Group to Aid Schools for Black South Africans

A new student group formed to aid Black South African schools met for the first time last night.

About 20 members of Aid to South African Students (ASAS) heard a description of those schools' inadequacies from Saths Cooper, president of the South African Zanani Movement (SAZM). Cooper said his group represents about three-quarters of Black South African students studying in the United States.

Non-white South Africans face serious obstacles to education in non-technical fields, Cooper told the group.

Kennedy School student Moka Ngolo Mpati, president of the new group, said he hoped it would become a national organization raising funds for Black South African schools. But for now, he said, its leaders want to concentrate on raising money for materials to send to South Africa.

ASAS members plan to raise money and buy school materials, such as computers, science textbooks and paper, then ship them to schools that either the Harvard Graduate School of Education or SAZM has targeted as needy, Mpati said. Group leaders also said they hoped to send U.S. teachers to South Africa to work in Black schools and to help train Black South African teachers.

Cooper said the complete segregation of the South African school system makes education far more difficult for Blacks and "coloured" residents. Education has become not a tool for learning, but another way for the Soweto government to oppress South Africa's indigenous people, he said. But he said this same segregation has worked towards its own destruction.

"Education is the soft underbelly of apartheid and means different things to different people," Cooper said. "For the government it means more domination, more enslavement to make Black men and women to think they are only good as manual laborers. But this has created resentment." That, in turn, has radicalized the few Blacks allowed to enroll in college, Cooper said.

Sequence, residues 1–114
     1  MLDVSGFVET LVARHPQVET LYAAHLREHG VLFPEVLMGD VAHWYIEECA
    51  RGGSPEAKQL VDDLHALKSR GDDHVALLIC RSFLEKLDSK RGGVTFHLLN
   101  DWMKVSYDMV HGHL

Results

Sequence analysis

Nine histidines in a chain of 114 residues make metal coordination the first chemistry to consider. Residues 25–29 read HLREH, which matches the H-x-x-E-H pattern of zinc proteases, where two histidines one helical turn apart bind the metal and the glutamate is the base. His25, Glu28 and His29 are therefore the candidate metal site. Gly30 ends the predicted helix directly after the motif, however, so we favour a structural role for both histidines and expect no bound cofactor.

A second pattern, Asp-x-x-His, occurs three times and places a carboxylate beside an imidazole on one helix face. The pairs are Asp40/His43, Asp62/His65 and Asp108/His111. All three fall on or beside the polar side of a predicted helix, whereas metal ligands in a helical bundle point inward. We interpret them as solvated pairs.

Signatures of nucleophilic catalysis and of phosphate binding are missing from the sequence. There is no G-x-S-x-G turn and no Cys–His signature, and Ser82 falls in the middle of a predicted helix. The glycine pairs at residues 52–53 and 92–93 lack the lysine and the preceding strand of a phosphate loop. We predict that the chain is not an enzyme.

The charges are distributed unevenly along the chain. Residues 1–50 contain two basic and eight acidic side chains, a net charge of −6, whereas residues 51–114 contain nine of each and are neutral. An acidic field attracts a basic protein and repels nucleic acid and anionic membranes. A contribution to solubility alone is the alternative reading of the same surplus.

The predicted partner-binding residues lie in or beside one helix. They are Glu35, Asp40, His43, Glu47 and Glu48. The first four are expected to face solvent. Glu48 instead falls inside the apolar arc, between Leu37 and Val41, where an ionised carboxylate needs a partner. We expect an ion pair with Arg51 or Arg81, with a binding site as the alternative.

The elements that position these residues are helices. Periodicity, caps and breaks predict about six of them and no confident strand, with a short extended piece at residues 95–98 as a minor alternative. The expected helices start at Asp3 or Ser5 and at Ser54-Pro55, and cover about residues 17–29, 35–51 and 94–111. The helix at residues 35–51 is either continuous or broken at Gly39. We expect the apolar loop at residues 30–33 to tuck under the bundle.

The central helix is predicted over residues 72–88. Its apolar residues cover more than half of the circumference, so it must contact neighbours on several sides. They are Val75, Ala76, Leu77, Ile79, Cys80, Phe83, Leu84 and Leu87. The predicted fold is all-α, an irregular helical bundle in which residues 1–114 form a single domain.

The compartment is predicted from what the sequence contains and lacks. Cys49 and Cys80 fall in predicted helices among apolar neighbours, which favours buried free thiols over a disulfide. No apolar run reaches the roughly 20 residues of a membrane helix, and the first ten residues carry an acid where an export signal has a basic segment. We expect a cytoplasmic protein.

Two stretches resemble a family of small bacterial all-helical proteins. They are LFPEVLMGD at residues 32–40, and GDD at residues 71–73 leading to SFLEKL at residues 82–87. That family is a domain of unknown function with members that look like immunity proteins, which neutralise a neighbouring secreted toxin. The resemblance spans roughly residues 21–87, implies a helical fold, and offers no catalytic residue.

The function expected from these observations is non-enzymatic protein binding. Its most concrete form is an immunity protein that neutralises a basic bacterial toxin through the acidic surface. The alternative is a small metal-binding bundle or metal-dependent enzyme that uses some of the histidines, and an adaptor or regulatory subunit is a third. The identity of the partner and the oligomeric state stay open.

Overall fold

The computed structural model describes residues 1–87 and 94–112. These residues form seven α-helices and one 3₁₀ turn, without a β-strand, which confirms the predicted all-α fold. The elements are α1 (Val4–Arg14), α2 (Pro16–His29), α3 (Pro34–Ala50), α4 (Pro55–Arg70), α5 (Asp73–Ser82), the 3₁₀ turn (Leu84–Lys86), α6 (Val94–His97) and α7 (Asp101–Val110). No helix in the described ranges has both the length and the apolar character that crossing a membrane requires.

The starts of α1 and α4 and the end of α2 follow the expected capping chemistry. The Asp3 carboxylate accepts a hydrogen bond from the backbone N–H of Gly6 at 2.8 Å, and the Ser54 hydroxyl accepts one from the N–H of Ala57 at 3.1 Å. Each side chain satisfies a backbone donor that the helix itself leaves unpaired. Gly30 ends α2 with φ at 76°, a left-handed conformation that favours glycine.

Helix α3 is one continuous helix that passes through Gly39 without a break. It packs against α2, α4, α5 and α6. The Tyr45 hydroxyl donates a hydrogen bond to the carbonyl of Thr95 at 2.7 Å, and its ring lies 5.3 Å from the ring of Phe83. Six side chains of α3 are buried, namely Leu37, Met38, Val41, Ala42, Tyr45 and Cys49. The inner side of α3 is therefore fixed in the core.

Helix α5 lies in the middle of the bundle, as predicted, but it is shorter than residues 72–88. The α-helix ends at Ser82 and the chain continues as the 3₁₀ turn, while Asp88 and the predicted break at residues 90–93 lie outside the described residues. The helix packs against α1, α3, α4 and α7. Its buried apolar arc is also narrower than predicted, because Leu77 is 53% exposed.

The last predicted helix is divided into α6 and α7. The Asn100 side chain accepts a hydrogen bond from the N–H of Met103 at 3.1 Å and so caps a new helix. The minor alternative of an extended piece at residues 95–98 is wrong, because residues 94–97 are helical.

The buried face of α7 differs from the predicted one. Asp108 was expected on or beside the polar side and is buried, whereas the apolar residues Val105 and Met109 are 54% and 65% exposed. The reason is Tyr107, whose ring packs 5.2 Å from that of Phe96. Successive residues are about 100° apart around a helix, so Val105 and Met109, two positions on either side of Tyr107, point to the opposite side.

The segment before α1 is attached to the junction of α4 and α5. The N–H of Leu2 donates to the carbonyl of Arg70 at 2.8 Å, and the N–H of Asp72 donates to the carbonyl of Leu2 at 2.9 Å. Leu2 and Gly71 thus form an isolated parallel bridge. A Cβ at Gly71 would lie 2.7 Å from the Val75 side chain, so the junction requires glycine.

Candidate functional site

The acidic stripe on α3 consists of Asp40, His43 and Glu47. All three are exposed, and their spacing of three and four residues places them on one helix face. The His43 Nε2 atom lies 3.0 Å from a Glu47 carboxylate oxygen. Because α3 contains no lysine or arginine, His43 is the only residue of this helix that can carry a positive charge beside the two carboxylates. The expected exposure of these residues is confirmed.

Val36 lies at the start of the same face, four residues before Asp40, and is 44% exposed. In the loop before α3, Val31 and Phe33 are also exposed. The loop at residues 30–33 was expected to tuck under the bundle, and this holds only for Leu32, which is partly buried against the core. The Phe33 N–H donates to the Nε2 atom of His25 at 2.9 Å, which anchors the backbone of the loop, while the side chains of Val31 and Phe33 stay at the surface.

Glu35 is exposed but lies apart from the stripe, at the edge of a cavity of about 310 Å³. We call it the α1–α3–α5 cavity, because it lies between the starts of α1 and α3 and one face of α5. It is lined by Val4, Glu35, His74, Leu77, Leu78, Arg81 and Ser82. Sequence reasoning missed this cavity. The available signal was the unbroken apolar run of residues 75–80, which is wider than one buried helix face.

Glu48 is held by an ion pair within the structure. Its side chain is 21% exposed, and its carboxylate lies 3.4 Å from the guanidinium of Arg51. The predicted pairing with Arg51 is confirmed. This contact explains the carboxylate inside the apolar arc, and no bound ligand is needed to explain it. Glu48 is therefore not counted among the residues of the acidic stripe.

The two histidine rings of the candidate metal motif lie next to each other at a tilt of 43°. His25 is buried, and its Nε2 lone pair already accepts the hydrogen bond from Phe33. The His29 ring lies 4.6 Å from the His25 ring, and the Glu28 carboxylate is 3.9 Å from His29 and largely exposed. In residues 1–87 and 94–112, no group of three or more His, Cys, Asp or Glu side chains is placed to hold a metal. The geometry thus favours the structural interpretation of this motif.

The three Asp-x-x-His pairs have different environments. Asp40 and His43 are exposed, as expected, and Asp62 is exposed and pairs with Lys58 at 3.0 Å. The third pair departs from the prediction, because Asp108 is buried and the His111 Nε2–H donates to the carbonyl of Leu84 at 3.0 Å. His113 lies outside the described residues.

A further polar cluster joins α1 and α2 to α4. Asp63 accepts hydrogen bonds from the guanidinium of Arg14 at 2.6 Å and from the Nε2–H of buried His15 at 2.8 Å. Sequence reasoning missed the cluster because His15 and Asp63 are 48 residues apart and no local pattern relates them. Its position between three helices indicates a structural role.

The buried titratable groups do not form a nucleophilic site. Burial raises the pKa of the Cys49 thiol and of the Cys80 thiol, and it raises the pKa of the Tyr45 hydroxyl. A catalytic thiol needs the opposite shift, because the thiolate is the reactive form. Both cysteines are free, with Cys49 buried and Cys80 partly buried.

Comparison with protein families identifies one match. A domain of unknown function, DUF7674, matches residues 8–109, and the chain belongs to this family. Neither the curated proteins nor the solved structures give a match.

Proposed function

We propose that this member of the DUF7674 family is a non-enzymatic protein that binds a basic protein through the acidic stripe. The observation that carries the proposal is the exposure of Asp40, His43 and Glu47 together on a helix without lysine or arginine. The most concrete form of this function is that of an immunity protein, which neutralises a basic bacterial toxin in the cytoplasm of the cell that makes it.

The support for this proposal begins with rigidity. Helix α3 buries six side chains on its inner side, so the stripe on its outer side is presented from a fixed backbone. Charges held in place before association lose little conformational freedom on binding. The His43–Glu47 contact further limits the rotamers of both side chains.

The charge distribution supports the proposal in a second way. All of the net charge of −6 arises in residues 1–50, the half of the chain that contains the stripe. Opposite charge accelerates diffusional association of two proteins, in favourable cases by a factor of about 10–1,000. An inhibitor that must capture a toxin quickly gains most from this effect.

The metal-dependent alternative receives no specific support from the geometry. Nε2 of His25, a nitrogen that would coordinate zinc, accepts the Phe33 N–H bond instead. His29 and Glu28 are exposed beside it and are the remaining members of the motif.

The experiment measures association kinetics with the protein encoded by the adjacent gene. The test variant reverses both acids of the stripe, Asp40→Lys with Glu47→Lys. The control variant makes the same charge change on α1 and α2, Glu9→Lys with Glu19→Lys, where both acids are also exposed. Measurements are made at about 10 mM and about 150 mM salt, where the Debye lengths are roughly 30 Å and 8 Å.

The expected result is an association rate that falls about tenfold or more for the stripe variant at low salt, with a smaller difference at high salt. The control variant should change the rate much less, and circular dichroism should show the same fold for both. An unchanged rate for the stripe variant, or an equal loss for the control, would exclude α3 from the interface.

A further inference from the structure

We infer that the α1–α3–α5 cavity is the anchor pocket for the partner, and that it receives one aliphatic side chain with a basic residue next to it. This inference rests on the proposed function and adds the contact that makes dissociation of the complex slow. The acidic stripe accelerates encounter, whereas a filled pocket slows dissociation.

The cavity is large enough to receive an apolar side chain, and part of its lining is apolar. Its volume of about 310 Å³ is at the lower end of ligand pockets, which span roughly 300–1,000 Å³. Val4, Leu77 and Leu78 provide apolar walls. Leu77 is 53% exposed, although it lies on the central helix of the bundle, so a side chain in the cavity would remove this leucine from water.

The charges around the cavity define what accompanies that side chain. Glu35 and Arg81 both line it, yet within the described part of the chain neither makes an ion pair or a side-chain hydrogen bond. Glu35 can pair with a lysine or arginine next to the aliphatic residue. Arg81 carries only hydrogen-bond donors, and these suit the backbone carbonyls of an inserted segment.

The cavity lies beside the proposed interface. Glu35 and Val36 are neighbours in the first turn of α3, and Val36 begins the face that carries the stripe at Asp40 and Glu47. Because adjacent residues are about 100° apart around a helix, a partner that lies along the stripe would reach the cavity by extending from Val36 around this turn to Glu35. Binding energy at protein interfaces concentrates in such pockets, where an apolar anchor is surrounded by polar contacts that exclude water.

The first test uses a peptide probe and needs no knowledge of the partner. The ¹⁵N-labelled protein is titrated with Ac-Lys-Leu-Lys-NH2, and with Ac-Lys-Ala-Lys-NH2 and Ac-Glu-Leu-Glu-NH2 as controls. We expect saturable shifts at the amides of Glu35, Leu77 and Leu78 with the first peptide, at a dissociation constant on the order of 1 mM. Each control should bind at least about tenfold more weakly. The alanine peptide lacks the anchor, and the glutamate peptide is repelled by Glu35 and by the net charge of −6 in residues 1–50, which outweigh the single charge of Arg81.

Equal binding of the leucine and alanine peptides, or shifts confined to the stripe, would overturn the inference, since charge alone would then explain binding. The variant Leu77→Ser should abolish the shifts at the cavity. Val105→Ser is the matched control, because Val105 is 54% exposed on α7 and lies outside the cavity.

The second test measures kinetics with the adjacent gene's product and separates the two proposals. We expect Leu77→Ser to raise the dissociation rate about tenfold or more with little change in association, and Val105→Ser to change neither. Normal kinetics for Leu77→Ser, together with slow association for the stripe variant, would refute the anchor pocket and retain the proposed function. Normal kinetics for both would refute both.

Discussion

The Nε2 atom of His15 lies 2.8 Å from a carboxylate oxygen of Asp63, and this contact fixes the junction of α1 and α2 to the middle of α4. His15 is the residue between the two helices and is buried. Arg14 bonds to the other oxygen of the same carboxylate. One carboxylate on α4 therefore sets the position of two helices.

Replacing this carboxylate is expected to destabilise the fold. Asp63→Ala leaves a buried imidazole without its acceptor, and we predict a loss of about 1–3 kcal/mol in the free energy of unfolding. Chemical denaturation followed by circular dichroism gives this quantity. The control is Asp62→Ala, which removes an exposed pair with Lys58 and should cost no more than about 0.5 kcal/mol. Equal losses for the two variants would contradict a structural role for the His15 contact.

Kurt Cambell, a lecturer on public policy at the Kennedy School, noted that South Africa spends 14 times as much money per white grammar school student as on each Black student.

Campbell added that ASAS' plan to send materials to the schools would be more effective than sending money.

"Sending money to South Africa is difficult unless the group is directed by the government itself," Campbell said. "My own view is that Harvard should extend larger and more scholarships to South African students."

"The only end here is to work for the improvement of the South African Education system," Mpati said. "We also want to rely on South African students in the U.S. to point out what schools need help. We...have a non-political aim."

Mpati said ASAS would remain apolitical to better attract large numbers of students.

He also said many corporations will donate money to an organization they know is not working for political ends. He said he would meet later this week with representatives from one corporation to discuss funding.

ASAS does not plan to become an official Harvard organization, Mpati said, because it hopes to become a national group working to improve the education of South African students.

"We are for students at many U.S. universities, not just one," Mpati said.

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